How to become a LinkedIn Jedi

Contributed by: Ivan Serrano

About Ivan

Ivan Serrano is a social media, business and marketing journalist living in Northern California.
Contact Info
Twitter: @IvanSerrano55


Social media has become an inevitable platform for most businesses looking to advertise and amplify their online content. But even more than inevitable; social media platforms have basically become the framework of the modern day Internet. From websites like Facebook and Twitter to Vimeo and Pinterest, companies have now found ways to amplify their content without even directly marketing. Because there are so many followers on most social media sites, it’s easy to catch entire circles of targeted audiences who share the same interests – all you have to do is follow the right social media etiquette, and be patient, and your followers will start to become personal ambassadors for you brand. But there’s one social media platform that is increasingly forgotten, or dismissed as a site for “professional use only,” and that is LinkedIn. But it’s just as important as the others, and certainly should not be forgotten.

While LinkedIn is less known or less used by certain crowds and audiences, it’s just as powerful: you can connect with other like-minded business professionals and share your content to exactly who you want to read it, instead of just mass-posting or mass-tweeting. Using LinkedIn, you can even post articles that relay information about your company rather than draw attention to it.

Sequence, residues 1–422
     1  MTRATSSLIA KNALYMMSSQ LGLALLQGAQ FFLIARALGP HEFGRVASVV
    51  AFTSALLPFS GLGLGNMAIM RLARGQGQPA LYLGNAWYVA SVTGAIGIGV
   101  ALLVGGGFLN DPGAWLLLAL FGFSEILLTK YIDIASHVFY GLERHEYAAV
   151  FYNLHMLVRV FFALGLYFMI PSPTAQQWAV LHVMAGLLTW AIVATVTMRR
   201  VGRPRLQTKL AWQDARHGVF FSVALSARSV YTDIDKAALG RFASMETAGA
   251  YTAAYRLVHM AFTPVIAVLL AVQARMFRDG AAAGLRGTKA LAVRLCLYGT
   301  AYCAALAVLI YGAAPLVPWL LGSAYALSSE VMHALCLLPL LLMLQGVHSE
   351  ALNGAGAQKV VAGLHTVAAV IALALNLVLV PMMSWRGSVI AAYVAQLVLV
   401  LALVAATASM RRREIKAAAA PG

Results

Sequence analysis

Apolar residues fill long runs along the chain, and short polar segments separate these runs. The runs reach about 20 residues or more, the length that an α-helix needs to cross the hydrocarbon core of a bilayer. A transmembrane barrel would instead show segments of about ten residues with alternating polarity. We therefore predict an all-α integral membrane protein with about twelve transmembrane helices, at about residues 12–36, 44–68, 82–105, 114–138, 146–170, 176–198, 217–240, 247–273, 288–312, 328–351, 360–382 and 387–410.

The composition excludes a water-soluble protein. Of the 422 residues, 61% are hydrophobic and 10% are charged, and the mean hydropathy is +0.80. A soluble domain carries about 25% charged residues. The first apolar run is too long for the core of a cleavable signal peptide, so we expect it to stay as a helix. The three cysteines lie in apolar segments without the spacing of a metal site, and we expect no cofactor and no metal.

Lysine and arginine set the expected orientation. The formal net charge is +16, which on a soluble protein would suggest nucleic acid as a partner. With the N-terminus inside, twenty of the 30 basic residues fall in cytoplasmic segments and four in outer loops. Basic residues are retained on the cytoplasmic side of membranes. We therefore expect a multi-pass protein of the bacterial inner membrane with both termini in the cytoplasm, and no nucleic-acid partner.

Since its inception in 2003, LinkedIn has grown enormously, and across generations. Unlike the more popular social media sites like Facebook and Twitter, LinkedIn offers a different service: the sharing of information about a company or person, all in the hands of the company. It’s a great way for business-to-business transactions; you can keep other businesses under your wing, and pick and choose who you want to connect with. But just like all the other social media sites, learning the right etiquette to use LinkedIn to its full capacity takes practice. Here are some tips to get you started:


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